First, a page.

environmental The International Energy Agency retracts an influential report which blamed five Asian countries for the majority of plastic pollution in the ocean.
The report, Stemming the Tide, from the US-based environmental group, also included incineration and waste-to-energy as “solutions” to the plastic crisis. Published in 2015, it has been denounced as the “waste of colonization” by hundreds of environmental, health and social justice groups across Asia.
The watchdog has now publicly apologized for creating an unfair “narration” about who is responsible for producing plastic waste and has removed the report from its website. Her apology on Wednesday was hailed as “long overdue” by Gaia, an alliance of 800 waste minimization groups in 90 countries, and through Break Free From Plastic, a global movement of more than 2,000 organizations.
The organizations said the report had caused years of damage by ignoring the role of northern countries in the excessive production of plastic and exporting plastic waste to developing countries under the guise of trade.
“This unprecedented regression of the report is an opportunity to interrupt decades of lost colonialism,” said Froelan Gret, JIA Asia Pacific Coordinator.
“Ocean Conservancy is in a position to raise awareness among other organizations and policy makers about the false narrative that the report is spreading.”
When contacted by the Guardian about the apology, the Ocean Conservancy referred it to the statement on its website, which it published in July.
Not only did the report “mistakenly blame” five countries — the Philippines, China, Indonesia, Vietnam and Thailand — for the bulk of plastic pollution, but it “misled, for years, governments and the public into believing that burning plastic waste was a solution,” Greet said.
Gaya also said the Ocean Conservancy has underestimated the true cost of incineration in terms of climate and public health.
Moreover, the Ocean Conservancy admitted its mistake in not considering the contributions of Asia-Pacific communities looking for solutions to plastic waste, which Greet said were “disproportionately affected” by the report. He said she is now involved in the process of “restorative justice” by engaging with groups in Asia.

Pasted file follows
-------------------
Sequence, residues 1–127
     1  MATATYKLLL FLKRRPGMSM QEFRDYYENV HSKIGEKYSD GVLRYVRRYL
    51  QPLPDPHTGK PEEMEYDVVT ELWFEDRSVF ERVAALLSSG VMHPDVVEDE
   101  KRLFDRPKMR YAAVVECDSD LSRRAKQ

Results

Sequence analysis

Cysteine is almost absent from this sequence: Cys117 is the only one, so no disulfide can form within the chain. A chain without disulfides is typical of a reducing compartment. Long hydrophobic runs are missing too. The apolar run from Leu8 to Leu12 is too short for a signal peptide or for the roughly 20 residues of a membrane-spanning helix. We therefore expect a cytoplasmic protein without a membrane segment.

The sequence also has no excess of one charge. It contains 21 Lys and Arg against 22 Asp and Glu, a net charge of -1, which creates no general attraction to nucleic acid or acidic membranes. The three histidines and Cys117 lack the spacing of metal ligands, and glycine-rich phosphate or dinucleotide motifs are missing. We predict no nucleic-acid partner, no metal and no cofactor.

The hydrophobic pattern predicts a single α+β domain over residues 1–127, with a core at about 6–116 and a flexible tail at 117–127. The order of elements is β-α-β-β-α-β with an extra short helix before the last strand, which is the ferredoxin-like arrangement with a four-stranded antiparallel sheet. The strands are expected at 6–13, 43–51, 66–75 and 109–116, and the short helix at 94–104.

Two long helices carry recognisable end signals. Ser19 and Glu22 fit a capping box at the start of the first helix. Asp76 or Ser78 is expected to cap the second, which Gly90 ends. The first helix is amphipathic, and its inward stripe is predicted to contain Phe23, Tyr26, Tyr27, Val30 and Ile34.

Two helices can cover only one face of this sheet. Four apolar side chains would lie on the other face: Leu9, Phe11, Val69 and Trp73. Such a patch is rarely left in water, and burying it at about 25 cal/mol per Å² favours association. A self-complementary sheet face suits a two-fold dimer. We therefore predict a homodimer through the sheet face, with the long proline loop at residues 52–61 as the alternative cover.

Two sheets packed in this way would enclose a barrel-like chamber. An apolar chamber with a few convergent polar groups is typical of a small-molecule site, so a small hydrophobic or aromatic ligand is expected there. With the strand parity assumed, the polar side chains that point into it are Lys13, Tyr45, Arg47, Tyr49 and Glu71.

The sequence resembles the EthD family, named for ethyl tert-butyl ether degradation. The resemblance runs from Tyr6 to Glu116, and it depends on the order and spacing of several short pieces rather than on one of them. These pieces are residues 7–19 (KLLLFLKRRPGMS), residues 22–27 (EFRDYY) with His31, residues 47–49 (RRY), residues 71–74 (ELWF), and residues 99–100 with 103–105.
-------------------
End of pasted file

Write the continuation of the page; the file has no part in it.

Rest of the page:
Stemming the Tide was written by consulting firm McKinsey, with a steering group including World wild animals The Fund, The Coca-Cola Company, The Dow Chemical Company, and the American Chemistry Council.
Kristi Keith, international coordinator for GAIA, said the five Asian countries mentioned in the report are not responsible for plastic waste. “This fault lies with the companies that are making and paying increasing amounts of plastic,” she said. “And those who fight for zero-waste societal solutions deserve to be honored and celebrated, not attacked.”
Satyarupa Shekhar, Asia Pacific coordinator for the Break Free from Plastic, said the Ocean Conservancy report “relaxed current restrictions on flaring and opened the doors to false solutions and controversial technical reforms to deal with the plastic pollution crisis.”
In the Philippines, a national ban on incineration has been threatened by new proposals to allow waste-to-energy plants, while in Indonesia, the government continues to push for waste incineration despite a Supreme Court ruling overturning presidential regulations to speed up waste development. Power plants or incinerators.
Stopping the tides is often cited by lawmakers and US federal agencies such as the Environmental Protection Agency.
“Every country should be responsible for the waste it produces and not export it under the guise of ‘trade’,” said Sonia Mendoza, president of the Mother Earth Foundation in the Philippines.
The understanding of ocean plastic waste, including its origins, has evolved in recent years.
In the statement posted on its website, the Ocean Conservancy said it had “failed to address the root causes of plastic waste or integrate the impacts on communities and NGOs working on the ground in the places most affected by plastic pollution.” She said that including incineration and waste-to-energy as acceptable solutions to the plastic crisis is wrong.
“We haven’t thought about how these technologies can support continued demand for plastic production and impede the transition to a circular economy and a carbon-neutral future.”
“Moreover, by focusing too narrowly on one region of the world (East and Southeast Asia), we have created a narrative about who is responsible for the ocean plastic pollution crisis—a story that fails to acknowledge the outsized role that developed countries, particularly the United States, have played. It is still playing in the generation and export of plastic waste to this particular region.This too was a mistake.
The tidal stop was based on a Paper published in Science in February 2015, which estimated for the first time how much plastic entered the ocean from poorly managed waste on Earth, and ranked all 192 coastal nations accordingly.
Since then, data has been published showing that the United States ranks third among Countries Contributing to Coastal Plastic Pollution It challenges the common belief that the United States manages its pollution appropriately, highlighting the impact of its waste on developing nations.
Other researchwhich is now promoted by the Ocean Conservancy, recommends interventions to reduce, reuse and better manage plastic in all economies.